Biden tests positive for COVID-19, returns to isolation

WASHINGTON (AP) — President Joe Biden tested positive for COVID-19 again on Saturday, just over three days after he was permission to leave the isolation of the coronavirussaid the White House, in a rare case of “rebound” after treatment with an antiviral agent.

White House physician Dr. Kevin O’Connor said in a letter that Biden “has not experienced any renewed symptoms and is still feeling reasonably well.” O’Connor said, “There is no reason to restart treatment at this time.”

In accordance with guidelines from the Centers for Disease Control and Prevention, Biden will be re-isolated for at least five days. He’ll be in isolation at the White House until he tests negative. The agency says most rebound cases remain mild and no serious illness has been reported during that time.

The news about Biden’s positive test — he had been negative Friday morning — came just two hours after the White House announced a presidential visit to Michigan next Tuesday to highlight the approval of a bill to boost domestic high-tech manufacturing. Biden was also scheduled to visit his home in Wilmington, Delaware, Sunday morning, where First Lady Jill Biden stayed while the president was positive. Both trips have been canceled as Biden has returned to isolation.

Biden, 79, was treated with the antiviral drug Paxlovíd, and tested negative for the virus on Tuesday and Wednesday. He was then allowed to leave the isolation while wearing a mask indoors. His positive tests put him in the minority of those prescribed the drug to experience a rebound case of the virus.

dr. Ashish Jha, the White House’s Covid-19 coordinator, told reporters on July 25 that the data “suggests that between 5 and 8 percent of people have a rebound” after treatment with Paxlovid.

Recognizing the potential for so-called ‘rebound’ COVID positivity seen in a small percentage of patients treated with Paxlovid, the president increased his tested cadence, to protect those around him and prevent early detection of any recurrence of viral replication,” O’ Connor wrote in his letter.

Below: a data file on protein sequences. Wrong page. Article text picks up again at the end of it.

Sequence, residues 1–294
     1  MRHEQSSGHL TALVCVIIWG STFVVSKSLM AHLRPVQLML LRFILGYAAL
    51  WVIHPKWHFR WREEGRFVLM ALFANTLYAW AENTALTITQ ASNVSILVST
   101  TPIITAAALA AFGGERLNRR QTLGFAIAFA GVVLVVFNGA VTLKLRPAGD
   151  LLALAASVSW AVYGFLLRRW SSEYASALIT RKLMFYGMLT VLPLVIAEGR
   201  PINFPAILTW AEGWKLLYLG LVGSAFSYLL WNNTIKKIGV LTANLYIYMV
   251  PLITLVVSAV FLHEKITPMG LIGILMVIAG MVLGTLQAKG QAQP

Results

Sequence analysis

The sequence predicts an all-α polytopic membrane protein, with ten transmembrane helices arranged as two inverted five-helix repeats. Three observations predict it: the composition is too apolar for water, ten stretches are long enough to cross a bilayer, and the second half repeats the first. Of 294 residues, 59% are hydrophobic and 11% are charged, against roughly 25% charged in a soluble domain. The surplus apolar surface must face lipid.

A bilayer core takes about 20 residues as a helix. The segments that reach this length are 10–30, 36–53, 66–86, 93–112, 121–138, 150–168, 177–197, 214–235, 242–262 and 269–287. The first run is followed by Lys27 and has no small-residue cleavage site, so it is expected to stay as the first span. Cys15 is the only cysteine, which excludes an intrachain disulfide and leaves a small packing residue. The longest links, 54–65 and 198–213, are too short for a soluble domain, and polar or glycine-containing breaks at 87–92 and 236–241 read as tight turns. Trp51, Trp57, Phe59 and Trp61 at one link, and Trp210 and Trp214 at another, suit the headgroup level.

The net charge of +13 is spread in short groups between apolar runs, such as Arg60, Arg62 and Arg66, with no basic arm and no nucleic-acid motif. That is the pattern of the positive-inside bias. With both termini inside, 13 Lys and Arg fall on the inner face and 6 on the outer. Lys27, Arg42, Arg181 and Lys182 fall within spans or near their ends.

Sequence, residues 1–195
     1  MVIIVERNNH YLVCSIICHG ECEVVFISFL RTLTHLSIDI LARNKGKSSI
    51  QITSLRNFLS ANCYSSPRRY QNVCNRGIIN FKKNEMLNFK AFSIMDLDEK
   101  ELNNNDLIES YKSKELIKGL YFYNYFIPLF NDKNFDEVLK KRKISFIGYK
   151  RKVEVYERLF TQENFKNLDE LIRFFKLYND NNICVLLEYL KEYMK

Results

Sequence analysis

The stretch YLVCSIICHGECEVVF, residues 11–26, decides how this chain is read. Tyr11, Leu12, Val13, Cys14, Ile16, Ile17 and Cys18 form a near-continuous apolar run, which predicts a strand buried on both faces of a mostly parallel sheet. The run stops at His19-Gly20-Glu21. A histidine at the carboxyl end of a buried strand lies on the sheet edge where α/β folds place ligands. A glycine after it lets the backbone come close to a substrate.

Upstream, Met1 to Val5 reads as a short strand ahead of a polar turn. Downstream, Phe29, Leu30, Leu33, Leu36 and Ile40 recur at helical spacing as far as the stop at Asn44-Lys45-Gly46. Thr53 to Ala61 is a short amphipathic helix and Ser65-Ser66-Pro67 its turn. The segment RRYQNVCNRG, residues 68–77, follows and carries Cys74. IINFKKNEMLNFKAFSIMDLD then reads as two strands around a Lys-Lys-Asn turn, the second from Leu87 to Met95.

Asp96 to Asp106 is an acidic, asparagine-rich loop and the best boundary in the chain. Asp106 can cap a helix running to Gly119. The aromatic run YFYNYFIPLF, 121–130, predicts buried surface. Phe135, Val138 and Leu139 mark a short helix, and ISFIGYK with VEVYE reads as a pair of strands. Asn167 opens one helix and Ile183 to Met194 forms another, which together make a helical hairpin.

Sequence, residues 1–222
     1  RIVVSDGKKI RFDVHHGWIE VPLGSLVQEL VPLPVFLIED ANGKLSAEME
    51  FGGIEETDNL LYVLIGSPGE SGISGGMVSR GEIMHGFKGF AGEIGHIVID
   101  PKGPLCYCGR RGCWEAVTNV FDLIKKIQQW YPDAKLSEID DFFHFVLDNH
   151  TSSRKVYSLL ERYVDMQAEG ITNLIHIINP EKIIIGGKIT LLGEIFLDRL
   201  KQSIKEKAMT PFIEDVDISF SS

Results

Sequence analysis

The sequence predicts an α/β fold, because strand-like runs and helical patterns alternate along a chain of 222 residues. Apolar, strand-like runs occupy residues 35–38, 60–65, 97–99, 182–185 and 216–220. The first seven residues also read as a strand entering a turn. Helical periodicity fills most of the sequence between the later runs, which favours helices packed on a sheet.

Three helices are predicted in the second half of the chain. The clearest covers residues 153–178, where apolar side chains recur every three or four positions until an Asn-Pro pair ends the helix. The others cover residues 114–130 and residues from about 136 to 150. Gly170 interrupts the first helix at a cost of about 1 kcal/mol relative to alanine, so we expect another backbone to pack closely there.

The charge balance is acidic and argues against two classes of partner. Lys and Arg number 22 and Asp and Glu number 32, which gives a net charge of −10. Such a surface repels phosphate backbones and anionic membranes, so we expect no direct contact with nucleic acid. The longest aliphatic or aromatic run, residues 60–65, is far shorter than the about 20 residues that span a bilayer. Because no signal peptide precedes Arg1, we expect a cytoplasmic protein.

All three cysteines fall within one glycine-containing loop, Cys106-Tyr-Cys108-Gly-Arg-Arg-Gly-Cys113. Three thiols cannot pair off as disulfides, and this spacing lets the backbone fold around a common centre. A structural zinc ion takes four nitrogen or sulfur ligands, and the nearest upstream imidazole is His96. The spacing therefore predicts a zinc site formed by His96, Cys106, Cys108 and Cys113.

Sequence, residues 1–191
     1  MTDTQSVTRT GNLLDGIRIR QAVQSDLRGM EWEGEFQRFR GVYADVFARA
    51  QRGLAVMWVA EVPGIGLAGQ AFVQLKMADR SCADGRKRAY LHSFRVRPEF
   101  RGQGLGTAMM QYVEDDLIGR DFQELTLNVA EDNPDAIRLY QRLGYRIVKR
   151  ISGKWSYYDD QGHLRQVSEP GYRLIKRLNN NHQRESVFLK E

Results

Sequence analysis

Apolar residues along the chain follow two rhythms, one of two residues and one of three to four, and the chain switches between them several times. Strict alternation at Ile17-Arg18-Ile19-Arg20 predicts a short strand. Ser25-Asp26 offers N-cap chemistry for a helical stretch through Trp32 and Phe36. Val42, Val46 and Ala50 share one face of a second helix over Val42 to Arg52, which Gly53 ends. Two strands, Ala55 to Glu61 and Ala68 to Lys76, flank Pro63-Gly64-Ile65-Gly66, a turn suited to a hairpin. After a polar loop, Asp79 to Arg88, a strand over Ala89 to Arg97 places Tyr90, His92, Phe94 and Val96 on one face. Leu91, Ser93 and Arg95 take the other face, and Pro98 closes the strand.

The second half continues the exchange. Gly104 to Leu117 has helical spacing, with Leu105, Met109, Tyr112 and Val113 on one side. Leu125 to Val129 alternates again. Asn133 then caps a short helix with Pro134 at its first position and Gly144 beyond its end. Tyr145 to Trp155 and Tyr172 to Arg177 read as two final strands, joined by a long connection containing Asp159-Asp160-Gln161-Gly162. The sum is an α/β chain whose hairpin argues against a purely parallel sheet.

O’Connor cited negative tests for Biden from Tuesday evening, Wednesday morning, Thursday morning and Friday morning, ahead of Saturday morning’s positive result from antigen testing. “This basically represents ‘rebound’ positivity,” he wrote.

Both the Food and Drug Administration and Pfizer point out that 1% to 2% of people in Pfizer’s original study of Paxlovid saw their virus levels rise again after 10 days. The percentage was about the same among people taking the drug or the dummy pills, “so it’s unclear at this point whether this is related to drug treatment,” the FDA said.

While Biden tested negative, he returned to holding in-person indoor events and meetings with White House staff and wore a mask, consistent with CDC guidelines. But the president took off his mask indoors when making comments on Thursday and when meeting with CEOs at the White House complex.

Asked why Biden appeared to be violating CDC protocols, press secretary Karine Jean-Pierre said: “They were socially distanced. They were far enough apart. So we made it safe for them to be together, to be on that podium. .”

Regulators are still studying the prevalence and virulence of rebound cases, but the CDC in May warned doctors that it has been reported within two to eight days of the initial negative test for the virus.

“Limited information currently available from case reports suggests that individuals treated with Paxlovid who experienced COVID-19 rebound have had mild illness; there are no reports of serious illness,” the agency said at the time.

When Biden was initially released from isolation on Wednesday, O’Connor said the president would “raise his test cadence” to accommodate a potential rebound from the virus.

Paxlovid has been proven to significantly reduce serious illness and death among those most vulnerable to COVID-19. US health officials have encouraged those who test positive to see their doctor or pharmacist to see if they should receive the treatment, despite the rebound risk.

Biden is fully vaccinated, having received two doses of the Pfizer coronavirus vaccine shortly before taking office, an initial booster shot in September and an additional dose on March 30.

While patients who have recovered from previous variants of COVID-19 generally have high levels of immunity against future reinfection for 90 days, Jha said the BA.5 subvariant that infected Biden appeared to be more “immune-avoidant.”

“We have seen many people reinfected within 90 days,” he said, adding that officials have no data yet on how long those recovering from the BA.5 strain are protected from reinfection.

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